Three Elephant Power and Other Stories HTML version

The Amateur Gardener
The first step in amateur gardening is to sit down and consider what good you are going
to get by it. If you are only a tenant by the month, as most people are, it is obviously not
of much use for you to plant a fruit orchard or an avenue of oak trees. What you want is
something that will grow quickly, and will stand transplanting, for when you move it
would be a sin to leave behind you the plants on which you have spent so much labour
and so much patent manure.
We knew a man once who was a bookmaker by trade -- and a Leger bookmaker at that --
but had a passion for horses and flowers. When he "had a big win", as he occasionally
did, it was his custom to have movable wooden stables, built on skids, put up in the yard,
and to have tons of the best soil that money could buy carted into the garden of the
premises which he was occupying.
Then he would keep splendid horses, and grow rare roses and show-bench
chrysanthemums. His landlord passing by would see the garden in a blaze of colour, and
promise himself to raise the bookmaker's rent next quarter day.
However, when the bookmaker "took the knock", as he invariably did at least twice a
year, it was his pleasing custom to move without giving notice. He would hitch two cart-
horses to the stables, and haul them right away at night. He would not only dig up the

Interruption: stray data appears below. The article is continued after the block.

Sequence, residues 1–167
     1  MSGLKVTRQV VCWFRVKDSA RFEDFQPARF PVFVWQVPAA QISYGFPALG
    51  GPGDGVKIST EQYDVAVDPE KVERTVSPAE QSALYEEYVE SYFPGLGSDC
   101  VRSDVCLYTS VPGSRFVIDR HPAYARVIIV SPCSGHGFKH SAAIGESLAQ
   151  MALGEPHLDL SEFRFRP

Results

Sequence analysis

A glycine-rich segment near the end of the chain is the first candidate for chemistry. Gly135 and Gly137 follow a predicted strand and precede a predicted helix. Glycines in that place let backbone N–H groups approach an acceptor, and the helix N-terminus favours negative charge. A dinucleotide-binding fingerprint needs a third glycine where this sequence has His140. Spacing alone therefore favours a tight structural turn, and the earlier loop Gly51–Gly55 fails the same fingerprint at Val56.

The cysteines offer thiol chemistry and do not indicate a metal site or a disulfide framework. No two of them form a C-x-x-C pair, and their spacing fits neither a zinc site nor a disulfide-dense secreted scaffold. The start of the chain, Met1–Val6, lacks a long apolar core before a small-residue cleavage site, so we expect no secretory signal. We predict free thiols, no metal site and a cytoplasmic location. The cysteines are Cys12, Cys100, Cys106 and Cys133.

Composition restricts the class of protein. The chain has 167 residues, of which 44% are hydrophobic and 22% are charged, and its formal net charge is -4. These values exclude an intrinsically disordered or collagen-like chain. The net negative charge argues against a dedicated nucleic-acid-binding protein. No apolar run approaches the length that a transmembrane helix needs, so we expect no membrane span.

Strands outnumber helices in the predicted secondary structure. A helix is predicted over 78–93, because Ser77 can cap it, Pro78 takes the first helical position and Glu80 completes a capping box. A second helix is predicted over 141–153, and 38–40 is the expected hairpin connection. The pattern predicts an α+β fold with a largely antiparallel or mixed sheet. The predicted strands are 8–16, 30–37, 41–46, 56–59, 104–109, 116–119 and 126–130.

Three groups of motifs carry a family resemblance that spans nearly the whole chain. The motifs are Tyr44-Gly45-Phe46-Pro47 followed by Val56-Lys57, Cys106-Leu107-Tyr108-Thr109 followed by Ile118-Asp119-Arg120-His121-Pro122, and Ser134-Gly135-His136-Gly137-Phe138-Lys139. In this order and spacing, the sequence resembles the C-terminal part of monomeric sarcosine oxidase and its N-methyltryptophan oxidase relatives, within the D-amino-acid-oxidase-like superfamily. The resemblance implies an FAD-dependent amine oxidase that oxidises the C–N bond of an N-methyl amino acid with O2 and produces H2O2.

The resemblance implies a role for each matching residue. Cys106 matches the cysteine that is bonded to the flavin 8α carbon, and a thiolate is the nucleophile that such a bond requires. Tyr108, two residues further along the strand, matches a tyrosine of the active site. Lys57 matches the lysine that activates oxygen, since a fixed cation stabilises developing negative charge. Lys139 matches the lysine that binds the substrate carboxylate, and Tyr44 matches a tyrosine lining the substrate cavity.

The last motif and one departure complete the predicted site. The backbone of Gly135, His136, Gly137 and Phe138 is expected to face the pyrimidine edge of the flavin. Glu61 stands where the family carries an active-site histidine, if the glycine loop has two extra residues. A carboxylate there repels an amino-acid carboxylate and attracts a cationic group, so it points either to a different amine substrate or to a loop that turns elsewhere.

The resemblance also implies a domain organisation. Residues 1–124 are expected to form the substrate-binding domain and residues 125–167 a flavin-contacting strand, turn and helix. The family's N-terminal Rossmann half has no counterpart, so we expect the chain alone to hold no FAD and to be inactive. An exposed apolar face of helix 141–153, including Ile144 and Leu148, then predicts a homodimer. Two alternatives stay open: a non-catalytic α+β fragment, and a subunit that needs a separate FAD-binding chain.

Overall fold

roses, trees, and chrysanthemums he had planted, but would also cart away the soil he
had brought in; in fact, he used to shift the garden bodily. He had one garden that he
shifted to nearly every suburb in Sydney; and he always argued that the change of air was
invaluable for chrysanthemums.
Being determined, then, to go in for gardening on common-sense principles, and having
decided on the shrubs you mean to grow, the next consideration is your chance of
growing them.
If your neighbour keeps game fowls, it may be taken for granted that before long they
will pay you a visit, and you will see the rooster scratching your pot plants out by the
roots as if they were so much straw, just to make a nice place to lie down and fluff the
dust over himself. Goats will also stray in from the street, and bite the young shoots off,
selecting the most valuable plants with a discrimination that would do credit to a
professional gardener.
It is therefore useless to think of growing delicate or squeamish plants. Most amateur
gardeners maintain a lifelong struggle against the devices of Nature; but when the forces
of man and the forces of Nature come into conflict Nature wins every time. Nature has
decreed that certain plants shall be hardy, and therefore suitable to suburban amateur
gardeners; the suburban amateur gardener persists in trying to grow quite other plants,
and in despising those marked out by Nature for his use. It is to correct this tendency that
this article is written.